Another piece of equipment allows farmworkers to pack romaine hearts into salad bags right out on the field, which fulfills an idea that Bud Antle formulated in Salinas in the 1970s, but later abandoned.
Bob Roach, assistant agricultural commissioner for Monterey County, says a big trend on local farms is to have as much work done out in the fields as possible, such as cleaning produce and even bagging it. While these innovations do cut costs and add extra value to a company’s produce, there is no doubt about what the real holy grail of harvesting innovations will be: an automated harvester for lettuce and romaine hearts, two of the Salinas Valley’s top crops.
The idea has been around for decades, but harvesting lettuce and romaine hearts is hard to do with a machine. “You need that human touch,” says Roach. “Because every head of lettuce is not ready to be cut at the same time. It’s a tough problem, and someday someone will solve it.”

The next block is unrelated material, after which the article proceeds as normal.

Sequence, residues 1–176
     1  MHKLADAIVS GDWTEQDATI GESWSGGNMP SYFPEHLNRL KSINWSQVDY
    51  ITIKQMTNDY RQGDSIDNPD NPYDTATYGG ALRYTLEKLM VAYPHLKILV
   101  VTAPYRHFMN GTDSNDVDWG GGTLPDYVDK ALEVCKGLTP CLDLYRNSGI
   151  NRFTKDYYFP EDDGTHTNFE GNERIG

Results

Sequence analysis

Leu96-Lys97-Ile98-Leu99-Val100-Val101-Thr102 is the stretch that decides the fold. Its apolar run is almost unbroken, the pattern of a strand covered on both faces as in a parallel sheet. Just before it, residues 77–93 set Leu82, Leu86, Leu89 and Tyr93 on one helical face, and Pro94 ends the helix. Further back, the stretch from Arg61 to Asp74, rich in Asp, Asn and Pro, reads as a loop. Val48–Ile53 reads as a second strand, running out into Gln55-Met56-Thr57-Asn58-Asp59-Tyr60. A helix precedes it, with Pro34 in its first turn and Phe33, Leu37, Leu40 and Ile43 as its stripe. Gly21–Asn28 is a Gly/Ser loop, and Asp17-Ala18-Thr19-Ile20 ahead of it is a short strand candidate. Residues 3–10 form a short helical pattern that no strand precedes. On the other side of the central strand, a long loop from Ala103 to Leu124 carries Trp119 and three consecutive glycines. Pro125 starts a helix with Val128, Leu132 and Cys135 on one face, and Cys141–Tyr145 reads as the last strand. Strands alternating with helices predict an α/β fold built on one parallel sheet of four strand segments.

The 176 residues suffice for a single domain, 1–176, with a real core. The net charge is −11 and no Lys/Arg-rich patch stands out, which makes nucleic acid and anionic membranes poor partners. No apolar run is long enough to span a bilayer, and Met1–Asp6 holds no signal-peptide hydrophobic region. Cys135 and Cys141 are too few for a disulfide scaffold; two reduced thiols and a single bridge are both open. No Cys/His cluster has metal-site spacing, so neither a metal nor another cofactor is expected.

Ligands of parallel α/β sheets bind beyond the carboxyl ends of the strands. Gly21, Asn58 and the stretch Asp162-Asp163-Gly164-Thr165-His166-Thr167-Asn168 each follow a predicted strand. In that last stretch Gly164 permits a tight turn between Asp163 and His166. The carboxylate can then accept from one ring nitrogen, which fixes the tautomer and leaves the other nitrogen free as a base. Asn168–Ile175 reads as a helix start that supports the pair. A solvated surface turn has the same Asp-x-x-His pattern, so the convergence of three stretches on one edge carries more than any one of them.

Ramsay Harvesting and Tanimura and Antle are in a race to do just that. Both companies are testing out pilot romaine lettuce automated harvesters that, if successful, will replace thousands of farmworkers in the Salinas Valley.
Neither company will allow their pilot harvesters to be photographed. But representatives from both say the goal is to have the harvesters cut romaine lettuce out of the fields, poke the lettuce’s core out, and have it put in boxes so it’s ready to be packed in ready mix salad bags.
“The goal is to have it all done automatically, including the packing,” says Jaime Michel, who works in Tanimura and Antle’s research and development department. “We’re testing the machine out right now here in Monterey County and also in Yuma, Arizona…we’ll probably see these mass-produced in five to 10 years.”
While Michel has heard arguments that the development of this kind of automated harvesting technology will eliminate human jobs, that’s not a necessarily a negative outcome to him. “The field is the last place immigrants want to work nowadays,” says Michel, a Mexican from Guadalajara who started in the industry by working in packing factories in the Salinas Valley. “Plus, you’re never going to eliminate all of the jobs in the field, just the most mundane and the most difficult.”